Know when to fold 'em: I was an executive at an ad firm, and I felt as if the space between who I was and who I had to be for my career was huge. In 1997 I quit with no idea what to do next. I spent several weeks in despair, convinced I'd ruined my life. Then I went shopping. I was drawn to paper stores, places that sold all the things you needed to make greeting cards or little books.
Put your stamp on things: I started making my own cards because they're such a positive product. You send them to make people feel better. When I took my designs to retailers, I was rejected. I knew I needed my own place. In 1998 I opened Greer in a tiny space in a wealthy suburb north of Chicago, with money my husband and I had saved up.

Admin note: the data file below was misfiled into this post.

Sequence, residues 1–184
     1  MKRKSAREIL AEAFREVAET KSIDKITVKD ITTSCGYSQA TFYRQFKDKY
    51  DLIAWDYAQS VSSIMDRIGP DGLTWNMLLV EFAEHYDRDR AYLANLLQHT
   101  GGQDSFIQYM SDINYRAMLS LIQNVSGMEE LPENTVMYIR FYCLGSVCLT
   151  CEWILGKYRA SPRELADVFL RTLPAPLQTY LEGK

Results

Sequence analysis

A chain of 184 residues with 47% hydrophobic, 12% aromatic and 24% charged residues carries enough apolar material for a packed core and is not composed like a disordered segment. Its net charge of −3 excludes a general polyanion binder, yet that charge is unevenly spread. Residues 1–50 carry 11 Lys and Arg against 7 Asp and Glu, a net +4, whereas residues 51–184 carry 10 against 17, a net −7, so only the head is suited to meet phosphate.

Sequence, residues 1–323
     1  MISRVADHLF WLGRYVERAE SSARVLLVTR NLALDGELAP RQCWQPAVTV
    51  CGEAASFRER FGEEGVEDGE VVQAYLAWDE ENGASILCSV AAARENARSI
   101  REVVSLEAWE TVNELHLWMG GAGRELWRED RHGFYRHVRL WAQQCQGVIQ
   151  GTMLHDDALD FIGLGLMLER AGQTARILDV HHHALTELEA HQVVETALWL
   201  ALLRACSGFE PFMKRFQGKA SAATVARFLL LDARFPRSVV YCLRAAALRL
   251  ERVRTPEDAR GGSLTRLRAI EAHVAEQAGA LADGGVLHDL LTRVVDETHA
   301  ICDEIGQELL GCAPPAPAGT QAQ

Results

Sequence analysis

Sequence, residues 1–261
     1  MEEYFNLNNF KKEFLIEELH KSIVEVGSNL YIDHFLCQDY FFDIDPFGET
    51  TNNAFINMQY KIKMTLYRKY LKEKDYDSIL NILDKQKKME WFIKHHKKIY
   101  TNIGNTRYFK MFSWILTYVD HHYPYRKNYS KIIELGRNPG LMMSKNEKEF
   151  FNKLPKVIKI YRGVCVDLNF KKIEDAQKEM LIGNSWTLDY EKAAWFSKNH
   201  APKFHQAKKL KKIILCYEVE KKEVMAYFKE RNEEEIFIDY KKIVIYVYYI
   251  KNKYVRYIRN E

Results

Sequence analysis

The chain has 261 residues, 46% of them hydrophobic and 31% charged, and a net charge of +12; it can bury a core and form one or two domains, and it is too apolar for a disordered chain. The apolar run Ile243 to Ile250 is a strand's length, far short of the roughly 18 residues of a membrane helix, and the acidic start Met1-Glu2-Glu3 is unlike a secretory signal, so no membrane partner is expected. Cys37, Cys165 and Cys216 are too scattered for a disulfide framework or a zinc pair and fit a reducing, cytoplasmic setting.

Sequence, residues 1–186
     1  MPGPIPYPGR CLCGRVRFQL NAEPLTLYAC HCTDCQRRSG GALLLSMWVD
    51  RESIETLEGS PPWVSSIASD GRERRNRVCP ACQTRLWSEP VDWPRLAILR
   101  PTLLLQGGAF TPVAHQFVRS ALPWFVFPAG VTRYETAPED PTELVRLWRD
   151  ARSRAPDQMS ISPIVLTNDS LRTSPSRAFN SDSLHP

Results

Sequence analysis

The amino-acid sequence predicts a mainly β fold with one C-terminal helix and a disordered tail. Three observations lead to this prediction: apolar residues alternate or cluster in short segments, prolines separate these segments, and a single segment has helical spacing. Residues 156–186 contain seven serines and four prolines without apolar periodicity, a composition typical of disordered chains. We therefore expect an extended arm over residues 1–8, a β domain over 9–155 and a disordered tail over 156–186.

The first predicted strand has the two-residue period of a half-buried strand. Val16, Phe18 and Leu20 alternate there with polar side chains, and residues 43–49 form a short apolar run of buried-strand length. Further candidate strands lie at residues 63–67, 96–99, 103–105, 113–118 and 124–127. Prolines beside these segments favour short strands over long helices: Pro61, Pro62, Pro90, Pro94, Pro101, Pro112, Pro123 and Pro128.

Play your cards right: The store did well enough, but my taste wasn't completely resonating with my suburban customers. My sales weren't as good as they could be, and the people who were buying had come up from the city. Obviously, I needed to move downtown—but Chicago has a lot of great stationery stores, and rents aren't cheap. Still, in 2005, I did it. My sales went right up. We started getting press, which generated even more business. Today we sell stationery and paper goods as well as soaps, pillows, vintage scarf button pins, even a little book called George Washington's Rules of Civility & Decent Behaviour. I should never have been in business anywhere else.